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Neuroimage Clin. 2016 Apr 12;11:578-587. doi: 10.1016/j.nicl.2016.04.004. eCollection 2016.

Spectral EEG abnormalities during vibrotactile encoding and quantitative working memory processing in schizophrenia.

Author information

1
Neurocomputation and Neuroimaging Unit, Freie Universität Berlin, Germany; Berlin School of Mind and Brain, Humboldt-Universität zu Berlin, Germany. Electronic address: simon.ludwig@fu-berlin.de.
2
Neurocomputation and Neuroimaging Unit, Freie Universität Berlin, Germany.
3
Department of Experimental and Neurocognitive Psychology, Freie Universität Berlin, Germany.
4
Klinik für Psychiatrie und Psychotherapie, Charité - Universitätsmedizin Berlin, Germany.
5
Klinik für Psychiatrie und Psychotherapie, Charité - Universitätsmedizin Berlin, Germany; Bernstein Center for Computational Neuroscience, Berlin, Germany.
6
Neurocomputation and Neuroimaging Unit, Freie Universität Berlin, Germany; Berlin School of Mind and Brain, Humboldt-Universität zu Berlin, Germany; Bernstein Center for Computational Neuroscience, Berlin, Germany.

Abstract

Schizophrenia is associated with a number of cognitive impairments such as deficient sensory encoding or working memory processing. However, it is largely unclear how dysfunctions on these various levels of cortical processing contribute to alterations of stimulus-specific information representation. To test this, we used a well-established sequential frequency comparison paradigm, in which sensory encoding of vibrotactile stimuli can be assessed via frequency-specific steady-state evoked potentials (SSEPs) over primary somatosensory cortex (S1). Further, we investigated the maintenance of frequency information in working memory (WM) in terms of parametric power modulations of induced beta-band EEG oscillations. In the present study schizophrenic patients showed significantly less pronounced SSEPs during vibrotactile stimulation than healthy controls. In particular, inter-trial phase coherence was reduced. While maintaining vibrotactile frequencies in WM, patients showed a significantly weaker prefrontal beta-power modulation compared to healthy controls. Crucially, patients exhibited no general disturbances in attention, as inferred from a behavioral test and from alpha-band event-related synchronization. Together, our results provide novel evidence that patients with schizophrenia show altered neural correlates of stimulus-specific sensory encoding and WM maintenance, suggesting an early somatosensory impairment as well as alterations in the formation of abstract representations of task-relevant stimulus information.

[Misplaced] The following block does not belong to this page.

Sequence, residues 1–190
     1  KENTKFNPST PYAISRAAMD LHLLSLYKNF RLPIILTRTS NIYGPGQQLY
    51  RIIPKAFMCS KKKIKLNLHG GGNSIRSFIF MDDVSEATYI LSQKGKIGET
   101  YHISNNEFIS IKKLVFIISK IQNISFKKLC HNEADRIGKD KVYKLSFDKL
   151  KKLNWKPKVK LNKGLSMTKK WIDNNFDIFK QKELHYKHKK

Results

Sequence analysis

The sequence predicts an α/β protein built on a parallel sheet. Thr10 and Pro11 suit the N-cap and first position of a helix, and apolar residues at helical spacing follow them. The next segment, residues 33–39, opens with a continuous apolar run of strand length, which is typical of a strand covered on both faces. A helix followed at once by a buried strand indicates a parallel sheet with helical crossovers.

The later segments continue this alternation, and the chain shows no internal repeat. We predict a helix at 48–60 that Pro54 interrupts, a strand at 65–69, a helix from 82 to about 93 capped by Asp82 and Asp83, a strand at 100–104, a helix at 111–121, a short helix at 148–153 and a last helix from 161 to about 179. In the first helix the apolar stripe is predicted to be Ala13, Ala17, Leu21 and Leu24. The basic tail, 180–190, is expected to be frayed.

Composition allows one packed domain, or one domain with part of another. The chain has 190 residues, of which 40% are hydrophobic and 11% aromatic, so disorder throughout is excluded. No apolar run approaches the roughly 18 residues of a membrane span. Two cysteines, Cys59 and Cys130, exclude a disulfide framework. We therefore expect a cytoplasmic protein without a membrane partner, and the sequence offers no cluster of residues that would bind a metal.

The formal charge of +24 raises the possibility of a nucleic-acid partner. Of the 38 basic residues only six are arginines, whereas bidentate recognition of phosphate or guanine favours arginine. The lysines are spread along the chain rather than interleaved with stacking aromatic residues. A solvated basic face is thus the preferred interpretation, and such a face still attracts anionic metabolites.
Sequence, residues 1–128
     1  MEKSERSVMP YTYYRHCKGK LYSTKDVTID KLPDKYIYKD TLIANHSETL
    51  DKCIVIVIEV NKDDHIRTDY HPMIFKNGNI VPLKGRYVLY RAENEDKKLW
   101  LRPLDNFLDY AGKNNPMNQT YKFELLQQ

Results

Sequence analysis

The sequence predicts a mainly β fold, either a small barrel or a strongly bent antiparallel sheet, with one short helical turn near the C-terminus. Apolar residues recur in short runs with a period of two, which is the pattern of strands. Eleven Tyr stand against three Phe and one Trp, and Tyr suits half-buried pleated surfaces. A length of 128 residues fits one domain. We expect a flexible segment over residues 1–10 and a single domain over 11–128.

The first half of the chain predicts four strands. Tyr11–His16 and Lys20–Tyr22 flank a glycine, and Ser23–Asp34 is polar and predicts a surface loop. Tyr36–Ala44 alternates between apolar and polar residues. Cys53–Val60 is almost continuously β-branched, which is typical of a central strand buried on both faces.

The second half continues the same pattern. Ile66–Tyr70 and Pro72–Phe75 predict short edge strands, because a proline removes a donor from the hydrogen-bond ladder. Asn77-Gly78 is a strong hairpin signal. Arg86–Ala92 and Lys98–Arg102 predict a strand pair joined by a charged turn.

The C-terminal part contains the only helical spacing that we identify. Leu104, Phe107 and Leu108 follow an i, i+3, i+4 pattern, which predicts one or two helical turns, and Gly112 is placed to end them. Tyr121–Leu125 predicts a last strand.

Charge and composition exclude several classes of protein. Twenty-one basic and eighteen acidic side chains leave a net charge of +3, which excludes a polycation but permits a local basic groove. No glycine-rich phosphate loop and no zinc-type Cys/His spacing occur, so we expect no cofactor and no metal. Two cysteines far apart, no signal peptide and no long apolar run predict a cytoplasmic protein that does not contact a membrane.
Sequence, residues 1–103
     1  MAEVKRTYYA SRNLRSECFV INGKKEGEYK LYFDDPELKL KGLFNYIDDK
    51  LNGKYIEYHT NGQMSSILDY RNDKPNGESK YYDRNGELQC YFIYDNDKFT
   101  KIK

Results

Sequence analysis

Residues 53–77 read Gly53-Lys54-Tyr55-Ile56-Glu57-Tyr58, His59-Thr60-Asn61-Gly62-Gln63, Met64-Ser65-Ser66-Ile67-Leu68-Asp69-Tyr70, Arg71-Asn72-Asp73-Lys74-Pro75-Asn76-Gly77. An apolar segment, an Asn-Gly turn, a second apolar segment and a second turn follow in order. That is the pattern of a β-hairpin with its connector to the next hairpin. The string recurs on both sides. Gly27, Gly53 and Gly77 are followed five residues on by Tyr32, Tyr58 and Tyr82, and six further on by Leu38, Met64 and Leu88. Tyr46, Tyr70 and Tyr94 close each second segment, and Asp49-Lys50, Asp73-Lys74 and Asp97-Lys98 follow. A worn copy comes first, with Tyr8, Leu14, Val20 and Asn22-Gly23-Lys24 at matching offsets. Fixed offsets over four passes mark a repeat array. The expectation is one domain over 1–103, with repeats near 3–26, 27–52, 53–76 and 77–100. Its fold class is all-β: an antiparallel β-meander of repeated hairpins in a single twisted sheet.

KEYWORDS:

EEG; Schizophrenia; Somatosensory; Steady-state evoked potential (SSEP); Working memory

PMID:
27158590
PMCID:
PMC4844590
DOI:
10.1016/j.nicl.2016.04.004
[Indexed for MEDLINE]
Free PMC Article

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